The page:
- The Enterprise
- The Recorder
Hughesville resident Pauleen Brewer has filed suit against the Charles County commissioners seeking the release of mileage reports for Commissioners Reuben B. Collins II and Debra M. Davis.
According to Brewer’s complaint, filed March 14 in Charles County Circuit Court, Brewer made a Maryland Public Information Act request Jan. 3 asking for copies of any forms showing the mileage logged by Collins (D) and Davis (D) between 2010 and 2013, along with the resulting income they reported on their tax returns.
Brewer also asked for any documentation showing how often the two commissioners drove their county SUVs on official business versus personal use, as well as GPS reports tracking the total mileage of each vehicle.
The county has 30 days to respond to Brewer’s complaint. No court date has been set.
Davis is the only commissioner to currently drive a county vehicle. Collins did until his Jan. 30 arrest for drunken driving. Collins was driving his personal car at the time of his arrest, but his county vehicle privileges have been suspended and will remain so for three years should he be convicted or plead no contest to the charges. The case is set for an April 3 trial in Charles County District Court.
Brewer, Collins and Davis did not return calls seeking comment.
Brewer mentioned her most recent Public Information Act request during a town hall meeting hosted by commissioners’ President Candice Quinn Kelly (D) in early February. Brewer had yet to receive a response, she said.
The request has since been denied, prompting the lawsuit, said Kurt Wolfgang, a La Plata attorney representing Brewer.
Wolfgang said he suspects Brewer’s request was denied “for the same reason that governments withhold all information that they don’t want to release, and that’s because it’s embarrassing.”
“I think they’re absolutely dead wrong about not releasing this information, and I think they know it, too,” he said, noting that the information sought deals with the expenditure of public funds.
Wolfgang said the county’s classification of mileage reports as “personnel” records is “more than a huge stretch.”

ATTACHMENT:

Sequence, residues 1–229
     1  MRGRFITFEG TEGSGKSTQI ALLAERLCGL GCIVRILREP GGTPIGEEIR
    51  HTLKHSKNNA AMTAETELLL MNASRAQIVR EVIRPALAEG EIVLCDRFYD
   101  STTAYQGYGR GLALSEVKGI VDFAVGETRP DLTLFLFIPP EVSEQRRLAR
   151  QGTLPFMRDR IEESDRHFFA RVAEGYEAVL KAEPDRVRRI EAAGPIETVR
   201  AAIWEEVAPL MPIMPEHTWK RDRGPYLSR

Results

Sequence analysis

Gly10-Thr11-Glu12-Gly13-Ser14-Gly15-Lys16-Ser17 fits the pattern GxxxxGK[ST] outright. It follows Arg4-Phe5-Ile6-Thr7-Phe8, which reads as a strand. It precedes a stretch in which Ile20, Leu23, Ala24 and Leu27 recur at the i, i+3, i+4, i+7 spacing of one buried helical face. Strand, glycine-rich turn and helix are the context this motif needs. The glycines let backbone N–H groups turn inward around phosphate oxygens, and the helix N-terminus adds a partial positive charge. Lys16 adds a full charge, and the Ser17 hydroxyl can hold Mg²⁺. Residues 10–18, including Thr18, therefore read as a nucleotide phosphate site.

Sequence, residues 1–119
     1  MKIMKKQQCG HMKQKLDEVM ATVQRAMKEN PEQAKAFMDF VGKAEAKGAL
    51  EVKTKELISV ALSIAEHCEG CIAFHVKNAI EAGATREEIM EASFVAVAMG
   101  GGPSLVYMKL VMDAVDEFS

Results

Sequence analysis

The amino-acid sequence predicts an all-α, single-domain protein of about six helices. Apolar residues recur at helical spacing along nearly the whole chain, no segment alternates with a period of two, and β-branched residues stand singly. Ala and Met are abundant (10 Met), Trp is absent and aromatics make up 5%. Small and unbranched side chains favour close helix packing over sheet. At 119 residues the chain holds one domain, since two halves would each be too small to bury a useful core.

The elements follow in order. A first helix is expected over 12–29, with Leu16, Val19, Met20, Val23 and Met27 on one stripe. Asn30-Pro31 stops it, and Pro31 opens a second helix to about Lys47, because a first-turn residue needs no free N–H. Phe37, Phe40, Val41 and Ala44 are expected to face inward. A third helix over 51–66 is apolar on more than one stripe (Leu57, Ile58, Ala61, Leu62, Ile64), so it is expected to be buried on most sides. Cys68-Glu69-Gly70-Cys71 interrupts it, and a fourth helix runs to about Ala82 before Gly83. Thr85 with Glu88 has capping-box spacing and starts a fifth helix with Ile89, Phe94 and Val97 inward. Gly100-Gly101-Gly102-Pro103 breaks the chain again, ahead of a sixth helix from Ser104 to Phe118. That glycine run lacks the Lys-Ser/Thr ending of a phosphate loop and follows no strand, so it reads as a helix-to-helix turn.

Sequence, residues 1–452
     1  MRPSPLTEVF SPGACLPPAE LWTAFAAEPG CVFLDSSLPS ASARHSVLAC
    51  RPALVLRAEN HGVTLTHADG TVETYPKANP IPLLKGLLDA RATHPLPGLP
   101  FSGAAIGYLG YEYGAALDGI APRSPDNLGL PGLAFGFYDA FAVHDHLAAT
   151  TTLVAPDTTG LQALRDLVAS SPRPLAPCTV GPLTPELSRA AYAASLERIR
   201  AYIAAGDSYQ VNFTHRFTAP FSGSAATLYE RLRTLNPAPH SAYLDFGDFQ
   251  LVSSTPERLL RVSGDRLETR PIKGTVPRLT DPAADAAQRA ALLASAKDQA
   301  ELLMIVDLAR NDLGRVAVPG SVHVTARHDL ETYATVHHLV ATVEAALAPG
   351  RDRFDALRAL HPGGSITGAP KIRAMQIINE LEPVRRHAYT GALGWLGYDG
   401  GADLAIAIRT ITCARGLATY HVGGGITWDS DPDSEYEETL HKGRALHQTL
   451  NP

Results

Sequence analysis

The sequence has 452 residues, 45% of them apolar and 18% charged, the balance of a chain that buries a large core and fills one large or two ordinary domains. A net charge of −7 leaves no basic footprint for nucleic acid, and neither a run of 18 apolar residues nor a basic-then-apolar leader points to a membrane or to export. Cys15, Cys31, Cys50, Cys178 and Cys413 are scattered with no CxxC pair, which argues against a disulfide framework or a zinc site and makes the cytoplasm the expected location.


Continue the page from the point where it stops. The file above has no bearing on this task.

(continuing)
“There have been a number of court decisions to determine what a personnel matter is, and the courts’ view has been very restrictive,” he said. “I don’t think the use or misuse of government vehicles is in any way going to fit into that category.”
Brewer has long sought and been denied information pertaining to commissioners’ use of county-issued, take-home vehicles.
As Kelly’s 2010 campaign manager, Brewer filed a public information request in May 2010 seeking copies of W-2 forms or wage summaries for then-Commissioners Edith J. Patterson, Gary V. Hodge, F. Wayne Cooper and Collins, according to testimony Brewer gave before a grand jury in May 2012. She told the grand jury her intention was to verify whether the commissioners were properly using and logging mileage for their county-issued SUVs.
Kelly made the commissioners’ use of county vehicles a campaign issue and as board president has continued trying to uncover any misuse.
Her efforts led Charles County State’s Attorney Anthony B. Covington (D) to conduct a grand jury investigation into whether Kelly directed a county employee to retrieve Collins’ tax forms in December 2011. Covington referred the case to the Office of the State Prosecutor, which recommended in September that Covington not pursue the case.
Rather than prosecute Kelly, Covington elected to release copies of the grand jury testimony to the Maryland Independent, per a public information request.
Wolfgang said Brewer has the same goal as she did back in May 2010 — to make sure the commissioners are not abusing their county vehicle privileges.
“It’s certainly what we’re looking for, to ensure that it’s been done correctly,” Wolfgang said. “There have certainly been rumors around that it hasn’t been done correctly, and we won’t know that for sure until we see the information, but it certainly raises suspicion that they don’t want to release it.”
Wolfgang noted that the sought documents may contain private information — Social Security numbers — but that legal precedent determines “that which is not releasable gets redacted, as opposed to a flat refusal to provide the information.”